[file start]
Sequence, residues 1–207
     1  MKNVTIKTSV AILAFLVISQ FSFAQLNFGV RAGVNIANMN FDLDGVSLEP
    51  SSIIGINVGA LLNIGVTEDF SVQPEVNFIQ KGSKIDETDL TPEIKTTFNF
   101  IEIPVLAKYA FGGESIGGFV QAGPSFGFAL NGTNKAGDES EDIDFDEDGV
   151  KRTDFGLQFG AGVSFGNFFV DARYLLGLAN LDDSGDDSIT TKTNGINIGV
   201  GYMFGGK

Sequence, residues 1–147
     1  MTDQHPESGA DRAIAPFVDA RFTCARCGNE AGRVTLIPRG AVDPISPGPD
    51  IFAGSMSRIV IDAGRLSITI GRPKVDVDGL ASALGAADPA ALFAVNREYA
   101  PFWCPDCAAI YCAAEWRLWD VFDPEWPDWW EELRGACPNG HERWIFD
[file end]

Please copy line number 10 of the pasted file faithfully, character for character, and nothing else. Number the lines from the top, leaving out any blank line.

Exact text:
   101  PFWCPDCAAI YCAAEWRLWD VFDPEWPDWW EELRGACPNG HERWIFD